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Protecting Working Americans’ Paychecks


 The White House, Washington

In this week’s address, the President highlighted the progress made protecting American consumers since he signed Wall Street reform into law five years ago, including an important new step taken by the independent Consumer Financial Protection Bureau earlier this week toward preventing abuses in payday lending.

The President emphasized his commitment to fighting to advance middle-class economics and ensure everybody who works hard can get ahead, while opposing attempts by Republicans both to weaken the CFPB and give large tax breaks to the wealthiest Americans at the expense of the middle class.

Watch the President’s Weekly Address here.

 

 

 

Watch President Obama's address here.
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This week, that former reporter and creator of HBO’s “The Wire” — David Simon — and that former young senator — President Barack Obama — sat down to talk honestly about the challenges law enforcement face and the consequences communities bear from the war on drugs.

Listen to what President Obama and David Simon said about the war on drugs.

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“Keep Exploring, Keep Dreaming, Keep Asking Why”

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The President spoke with students about the role that science, technology, engineering, and math (STEM) plays in their lives, and urged them to keep exploring, dreaming, and asking why. He also announced a number of ambitious steps to inspire young people to engage with STEM fields and help them achieve their goals.

See more from the fifth-annual White House Science Fair.

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To see more of the week’s highlights, check out the latest edition of West Wing Week.

a message from Gov. Inslee


When I released my budget, I said that we needed to reinvest in Washington. I stated that we need to find a sustainable, long-term solution to funding what we care about most: our schools, our infrastructure, our health, and our environment. To that end, I proposed that we raise revenues in two major ways: by charging our state’s biggest polluters and by introducing a capital gains tax.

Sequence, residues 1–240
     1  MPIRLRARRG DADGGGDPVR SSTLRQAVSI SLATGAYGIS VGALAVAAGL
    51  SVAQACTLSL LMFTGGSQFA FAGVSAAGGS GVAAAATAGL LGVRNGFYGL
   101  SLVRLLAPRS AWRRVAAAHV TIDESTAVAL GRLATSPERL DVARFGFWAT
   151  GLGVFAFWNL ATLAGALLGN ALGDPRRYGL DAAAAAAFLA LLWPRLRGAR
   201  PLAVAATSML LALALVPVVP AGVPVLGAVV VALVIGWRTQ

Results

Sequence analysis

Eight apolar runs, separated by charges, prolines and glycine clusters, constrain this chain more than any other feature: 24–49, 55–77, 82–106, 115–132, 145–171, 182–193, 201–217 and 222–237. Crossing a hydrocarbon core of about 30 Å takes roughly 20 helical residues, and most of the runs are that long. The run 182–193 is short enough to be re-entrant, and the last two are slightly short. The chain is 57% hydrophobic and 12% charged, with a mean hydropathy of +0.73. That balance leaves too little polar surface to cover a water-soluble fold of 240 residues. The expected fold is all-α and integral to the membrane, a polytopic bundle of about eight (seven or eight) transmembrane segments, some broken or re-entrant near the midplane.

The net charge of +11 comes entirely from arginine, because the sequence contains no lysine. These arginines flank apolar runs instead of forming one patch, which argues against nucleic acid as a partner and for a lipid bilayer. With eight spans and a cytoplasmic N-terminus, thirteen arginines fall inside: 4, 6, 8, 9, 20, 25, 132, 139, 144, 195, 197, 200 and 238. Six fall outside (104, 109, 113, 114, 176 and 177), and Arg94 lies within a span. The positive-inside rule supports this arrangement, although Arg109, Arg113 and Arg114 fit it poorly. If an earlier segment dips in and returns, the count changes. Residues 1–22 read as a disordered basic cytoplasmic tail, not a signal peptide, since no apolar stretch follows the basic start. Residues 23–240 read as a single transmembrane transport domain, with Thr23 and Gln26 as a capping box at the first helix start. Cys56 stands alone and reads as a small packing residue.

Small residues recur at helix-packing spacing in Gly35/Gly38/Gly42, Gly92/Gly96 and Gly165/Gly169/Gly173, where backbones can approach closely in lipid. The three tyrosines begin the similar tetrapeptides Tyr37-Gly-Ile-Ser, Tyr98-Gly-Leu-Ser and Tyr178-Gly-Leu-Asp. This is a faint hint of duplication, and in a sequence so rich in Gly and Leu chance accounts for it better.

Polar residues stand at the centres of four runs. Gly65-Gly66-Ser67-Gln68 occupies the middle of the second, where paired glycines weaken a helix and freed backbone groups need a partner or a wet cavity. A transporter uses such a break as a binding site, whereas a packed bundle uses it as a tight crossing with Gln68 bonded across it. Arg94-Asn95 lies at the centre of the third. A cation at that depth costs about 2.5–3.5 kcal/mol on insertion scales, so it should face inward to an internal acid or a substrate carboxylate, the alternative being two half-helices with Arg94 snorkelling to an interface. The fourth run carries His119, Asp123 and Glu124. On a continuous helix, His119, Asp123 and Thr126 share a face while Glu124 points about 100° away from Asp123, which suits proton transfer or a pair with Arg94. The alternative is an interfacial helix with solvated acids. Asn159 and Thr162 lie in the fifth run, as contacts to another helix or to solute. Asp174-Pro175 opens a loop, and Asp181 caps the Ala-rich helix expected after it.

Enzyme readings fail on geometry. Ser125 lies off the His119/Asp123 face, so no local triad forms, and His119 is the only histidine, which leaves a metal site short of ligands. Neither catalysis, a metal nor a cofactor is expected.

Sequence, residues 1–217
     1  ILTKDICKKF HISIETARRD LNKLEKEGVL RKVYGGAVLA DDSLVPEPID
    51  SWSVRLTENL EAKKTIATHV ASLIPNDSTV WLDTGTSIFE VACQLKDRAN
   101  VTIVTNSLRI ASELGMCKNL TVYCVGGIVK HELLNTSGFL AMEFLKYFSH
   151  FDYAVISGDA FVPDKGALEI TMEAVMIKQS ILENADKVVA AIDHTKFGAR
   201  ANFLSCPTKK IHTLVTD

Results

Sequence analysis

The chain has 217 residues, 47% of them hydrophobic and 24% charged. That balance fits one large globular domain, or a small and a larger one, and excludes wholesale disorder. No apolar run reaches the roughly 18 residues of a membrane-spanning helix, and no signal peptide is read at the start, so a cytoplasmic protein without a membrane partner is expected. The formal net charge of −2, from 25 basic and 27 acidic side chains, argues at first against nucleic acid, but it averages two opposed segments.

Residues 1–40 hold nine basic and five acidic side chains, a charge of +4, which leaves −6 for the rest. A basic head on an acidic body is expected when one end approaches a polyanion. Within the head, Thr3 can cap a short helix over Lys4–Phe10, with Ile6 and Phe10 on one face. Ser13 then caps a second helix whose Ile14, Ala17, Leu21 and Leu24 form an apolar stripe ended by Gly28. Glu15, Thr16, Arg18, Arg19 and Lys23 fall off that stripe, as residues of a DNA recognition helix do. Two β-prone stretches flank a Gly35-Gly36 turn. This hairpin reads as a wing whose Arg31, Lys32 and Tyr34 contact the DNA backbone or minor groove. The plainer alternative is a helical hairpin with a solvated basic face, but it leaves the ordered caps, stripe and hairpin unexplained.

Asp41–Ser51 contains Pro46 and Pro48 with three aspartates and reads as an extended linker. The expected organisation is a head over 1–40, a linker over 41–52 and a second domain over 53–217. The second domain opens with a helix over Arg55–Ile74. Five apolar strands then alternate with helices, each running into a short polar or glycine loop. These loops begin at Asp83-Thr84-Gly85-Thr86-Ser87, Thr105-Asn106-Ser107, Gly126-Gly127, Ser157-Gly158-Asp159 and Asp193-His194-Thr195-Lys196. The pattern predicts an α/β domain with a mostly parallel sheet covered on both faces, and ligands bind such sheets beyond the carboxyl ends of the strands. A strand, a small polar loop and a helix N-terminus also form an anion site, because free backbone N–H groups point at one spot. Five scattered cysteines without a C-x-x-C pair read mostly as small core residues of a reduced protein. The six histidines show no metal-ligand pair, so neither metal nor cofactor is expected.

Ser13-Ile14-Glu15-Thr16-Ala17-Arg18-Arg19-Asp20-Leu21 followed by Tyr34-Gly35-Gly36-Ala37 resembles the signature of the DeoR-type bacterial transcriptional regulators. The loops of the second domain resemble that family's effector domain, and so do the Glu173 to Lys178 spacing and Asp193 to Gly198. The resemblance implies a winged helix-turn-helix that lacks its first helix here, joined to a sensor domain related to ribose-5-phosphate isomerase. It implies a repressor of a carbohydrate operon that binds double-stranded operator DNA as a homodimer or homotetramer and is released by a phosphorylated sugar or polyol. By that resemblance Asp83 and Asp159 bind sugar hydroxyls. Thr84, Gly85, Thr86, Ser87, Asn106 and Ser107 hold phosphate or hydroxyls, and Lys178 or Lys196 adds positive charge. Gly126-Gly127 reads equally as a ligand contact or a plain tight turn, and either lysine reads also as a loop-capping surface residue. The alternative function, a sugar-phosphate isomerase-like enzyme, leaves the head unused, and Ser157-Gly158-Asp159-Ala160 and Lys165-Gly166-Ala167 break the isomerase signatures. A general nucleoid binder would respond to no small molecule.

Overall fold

It is an ambitious plan, and it’s one I believe we need in order to move our state forward.

Yesterday, the House released its budget, and while we’re still reviewing the details, I support the general framework of their plan.

Here’s why:

This budget is fair. It includes capital gains as a revenue source that would raise millions by taxing a small group of the wealthiest Washingtonians. It also raises revenue by closing tax loopholes.

This budget is balanced. By introducing new revenue streams like the capital gains tax, it allows for increased investment in our schools, our health, and our infrastructure.

This budget invests in our people. It provides funding for early learning, a tuition freeze, and mental health services.

This is an approach I can support.

I’m disappointed that the House didn’t include my proposed carbon market program because we know that a healthy environment is one more investment in our future that we need to make. I’ll continue to advocate for programs that will reduce carbon pollution, and am glad that the House leadership committed to continue working on this measure as budget negotiations continue.

The important thing to know is this: For nearly half a decade, we’ve been cutting essential services and neglecting our duty to invest in the future. That stops now.

It’s time, once again, that we invest in Washington.

Very truly yours,

Jay Inslee